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DPH COVID-19 Update 11/6/2020

No matter what your age, everyone is feeling the impact of months of disrupted routines, concerns of physical health, economic uncertainty and the election.

  • Nov 6, 2020
  • News & Updates

Mental Health and Substance Use

No matter what your age, everyone is feeling the impact of months of disrupted routines, concerns of physical health, economic uncertainty and the election. Now, a new CDC survey shows older teens and young adults may be taking a hard hit to their mental health. The CDC survey found 63 percent of 18 to 24-year-olds reported symptoms of anxiety or depression. Twenty-five percent reported increased substance use to deal with the stress. And 25 percent said they had seriously considered suicide. 

Have you had COVID-19 and currently struggling with recovery? Behavioral Health clinicians at University of Missouri-St. Louis offer virtual psychosocial rehabilitation groups for adults who are in the prolonged recovery phase. New members can join each week, along with a family member to help support their rehabilitation if the individual wants that. This evidence-based rehab approach uses best practices for survivors of serious COVID19, including focus on a range of health behaviors and reducing social isolation (e.g., energy conservation and fatigue management, cognitive/brain health rehabilitation, sleep hygiene, increasing motivation and adherence for their ongoing physical and pulmonary rehabilitation, managing anxiety and depression). Our aim is to also help families understand what they can do to support a family member who is in the prolonged recovery phase. For more information click here.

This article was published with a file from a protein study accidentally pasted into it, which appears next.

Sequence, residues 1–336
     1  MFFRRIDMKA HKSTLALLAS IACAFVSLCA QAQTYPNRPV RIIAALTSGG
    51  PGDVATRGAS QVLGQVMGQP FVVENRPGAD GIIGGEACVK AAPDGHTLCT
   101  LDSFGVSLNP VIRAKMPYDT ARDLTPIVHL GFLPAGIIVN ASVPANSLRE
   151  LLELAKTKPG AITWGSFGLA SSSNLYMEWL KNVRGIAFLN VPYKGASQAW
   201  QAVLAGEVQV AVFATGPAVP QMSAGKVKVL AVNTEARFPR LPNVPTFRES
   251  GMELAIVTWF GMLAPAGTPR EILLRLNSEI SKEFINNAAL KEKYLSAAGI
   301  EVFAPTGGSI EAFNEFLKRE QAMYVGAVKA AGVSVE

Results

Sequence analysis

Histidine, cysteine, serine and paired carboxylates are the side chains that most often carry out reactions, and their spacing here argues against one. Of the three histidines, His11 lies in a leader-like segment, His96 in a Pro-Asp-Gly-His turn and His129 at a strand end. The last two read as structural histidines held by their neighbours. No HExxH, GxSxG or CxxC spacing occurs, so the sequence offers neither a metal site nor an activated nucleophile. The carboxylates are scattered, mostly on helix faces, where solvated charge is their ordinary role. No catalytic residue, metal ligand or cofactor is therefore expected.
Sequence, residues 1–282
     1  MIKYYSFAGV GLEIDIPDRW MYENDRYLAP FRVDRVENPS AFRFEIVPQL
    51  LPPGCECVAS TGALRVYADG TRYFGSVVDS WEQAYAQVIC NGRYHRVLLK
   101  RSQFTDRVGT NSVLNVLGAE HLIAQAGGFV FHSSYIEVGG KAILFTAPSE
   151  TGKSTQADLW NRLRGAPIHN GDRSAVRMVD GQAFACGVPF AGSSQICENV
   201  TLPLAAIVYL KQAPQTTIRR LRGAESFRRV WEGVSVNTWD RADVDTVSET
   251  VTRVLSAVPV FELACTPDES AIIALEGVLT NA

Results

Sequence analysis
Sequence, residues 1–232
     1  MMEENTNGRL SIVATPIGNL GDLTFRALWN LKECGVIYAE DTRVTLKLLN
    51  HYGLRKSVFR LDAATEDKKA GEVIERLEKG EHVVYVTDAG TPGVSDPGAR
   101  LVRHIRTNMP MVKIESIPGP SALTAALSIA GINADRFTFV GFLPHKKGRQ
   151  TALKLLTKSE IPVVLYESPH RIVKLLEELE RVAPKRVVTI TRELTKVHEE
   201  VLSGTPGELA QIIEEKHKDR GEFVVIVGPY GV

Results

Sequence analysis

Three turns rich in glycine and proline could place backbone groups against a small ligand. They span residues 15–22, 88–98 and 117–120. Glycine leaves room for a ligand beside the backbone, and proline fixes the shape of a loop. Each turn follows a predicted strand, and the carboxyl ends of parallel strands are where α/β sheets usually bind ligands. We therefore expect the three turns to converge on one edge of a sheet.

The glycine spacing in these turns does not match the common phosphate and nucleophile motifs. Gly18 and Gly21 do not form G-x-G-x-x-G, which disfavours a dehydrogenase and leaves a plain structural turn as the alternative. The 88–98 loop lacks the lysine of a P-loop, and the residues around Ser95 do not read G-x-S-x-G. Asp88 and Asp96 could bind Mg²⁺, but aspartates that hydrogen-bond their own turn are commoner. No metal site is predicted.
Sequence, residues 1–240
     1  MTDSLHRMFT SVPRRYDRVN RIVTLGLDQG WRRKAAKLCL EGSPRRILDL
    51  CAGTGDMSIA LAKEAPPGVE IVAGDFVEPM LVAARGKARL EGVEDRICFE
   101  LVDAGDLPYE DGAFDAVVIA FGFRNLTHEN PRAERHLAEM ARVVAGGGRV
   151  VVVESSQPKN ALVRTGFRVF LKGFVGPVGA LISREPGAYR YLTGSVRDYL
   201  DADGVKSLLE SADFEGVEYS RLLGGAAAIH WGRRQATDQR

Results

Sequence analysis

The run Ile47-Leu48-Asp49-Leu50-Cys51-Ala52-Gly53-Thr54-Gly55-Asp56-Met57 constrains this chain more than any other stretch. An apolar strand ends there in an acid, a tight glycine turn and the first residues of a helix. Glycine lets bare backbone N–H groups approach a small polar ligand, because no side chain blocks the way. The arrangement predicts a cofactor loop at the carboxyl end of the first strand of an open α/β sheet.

The Saint Louis County Department of Public Health also offers additional support for not only mental health but substance use as well. The COVID-19 pandemic, especially heading into the winter months, presents unique challenges for people with substance use disorders and in recovery. If you live in the St. Louis region and need immediate help for a substance use crisis, contact Behavioral Health Response at 314-469-6644 or 1-800-811-4760.

To learn more about opioid addiction, how to recognize the signs of an overdose and how to administer naloxone, visit the County’s Opioid Action Plan website, Opioid State Targeted Response website, or MO-HOPE Project website. You can get free naloxone from the Saint Louis County Department of Public Health at each of the following clinic locations.

John C. Murphy Health Center
6121 N. Hanley Rd. St. Louis, MO 63121
Monday – Friday 8:00 a.m. - 4:30 p.m.

North Central Community Health Center
4000 Jennings Station Rd. St. Louis, MO 63121
Monday – Friday 8:00 a.m. - 4:30 p.m.

South County Health Center
4850 South Lindbergh Blvd. St. Louis, MO 63127
Monday – Friday 8:00 a.m. - 4:30 p.m.

If you or a young person you know is showing signs of extreme anxiety or talking about suicide, the following resources are available:

National Suicide Prevention Lifeline at 800-273-8255

Crisis Text line: text home to 741741

Trevor Project: A national 24-hour, toll free confidential suicide hotline for LGBTQ youth 866-488-7386.

Additional Resources/Articles

ARTICLE: Nicklaus: Mask mandates aren’t just about health. They’re good for the economy too

RESOURCE: How Right Now is an initiative to address people's feelings of grief, loss, and worry during COVID-19. In conjunction with The CDC Foundation, partners are local, regional, and national organizations that contribute their resources and expertise to help people through the COVID-19 pandemic. Feel free to share this website and additional information can be found here

CAMPAIGN: Get involved! Wearing a face mask is one small act of kindness that we can all do for our community every day. Choosing to see it this way not only allows us to look out for each other's health and safety, but also reminds us to view everyone who wears a face mask for their humanity and compassion. For more information please click here or head to youwillseeme.org.